Successful jockey Frederick James “Fred” Archer (born January 11th, 1857 – died November 8th, 1886) was described as being “the best all-round jockey that turf has ever seen”. The son of Grand National winning jockey William Archer, Fred became the apprentice of trainer Mathew Dawson at Heath House.
Eventually, he married Dawson’s niece, Helen Rose Dawson. Archer was known for his ruthlessness on the track, and he took his sport very seriously. In 1882, Fred Archer built Falmouth Lodge and Stables (which is now under the name Pegasus Stables). Over the course of his career, he broke several records, rode thousands of winners, and collected several winnings.
Due to his height of 5’10”, Archer was forced to diet more than other jockeys, which greatly effected his health. His wife, Helen Rose, died during childbirth, leading him into deep depression.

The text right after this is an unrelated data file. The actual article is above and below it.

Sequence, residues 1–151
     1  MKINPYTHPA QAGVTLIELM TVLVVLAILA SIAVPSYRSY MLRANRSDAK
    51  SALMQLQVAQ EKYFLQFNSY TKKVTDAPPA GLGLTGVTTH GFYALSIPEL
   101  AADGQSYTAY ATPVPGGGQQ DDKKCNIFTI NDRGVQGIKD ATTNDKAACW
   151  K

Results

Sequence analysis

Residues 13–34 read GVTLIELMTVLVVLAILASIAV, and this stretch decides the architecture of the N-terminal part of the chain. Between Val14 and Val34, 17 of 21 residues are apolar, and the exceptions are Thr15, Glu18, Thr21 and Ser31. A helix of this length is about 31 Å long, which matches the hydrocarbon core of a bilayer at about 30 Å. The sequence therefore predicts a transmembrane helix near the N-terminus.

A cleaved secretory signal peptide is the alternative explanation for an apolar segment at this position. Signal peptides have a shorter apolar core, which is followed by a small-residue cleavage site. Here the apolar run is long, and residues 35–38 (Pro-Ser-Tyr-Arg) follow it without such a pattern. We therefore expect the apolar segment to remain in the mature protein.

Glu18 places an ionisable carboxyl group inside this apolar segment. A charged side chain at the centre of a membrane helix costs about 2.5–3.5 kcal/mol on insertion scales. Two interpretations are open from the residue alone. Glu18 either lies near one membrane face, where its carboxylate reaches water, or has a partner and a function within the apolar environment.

For several days, Archer had been suffering from a fever, and he was being taken care of by his doctor. Mrs. Colemen, his sister, visited him one day, and Fred asked for her to send the nurse away. He asked her “Are they coming?”, and she saw that he was wielding a revolver. She struggled to get the weapon away from him, but he put the gun in his mouth and fired it before she could get it away.
The jury ruled that Fred Archer had committed suicide in a state of an unsound mind. He was only 29 at the time of his death. His fortune was left to his only daughter with the large inheritance of £66,662 being looked over by trustees during her minority.
Some of Archer’s belongings are now on display at the National Horseracing Museum, one of the items being the revolver that he used to take his life.
There have been several reported sightings of Archer riding a ghostly white horse at the stables he founded. He appears to be a benign spirit, and he simply continues his sport beyond the grave.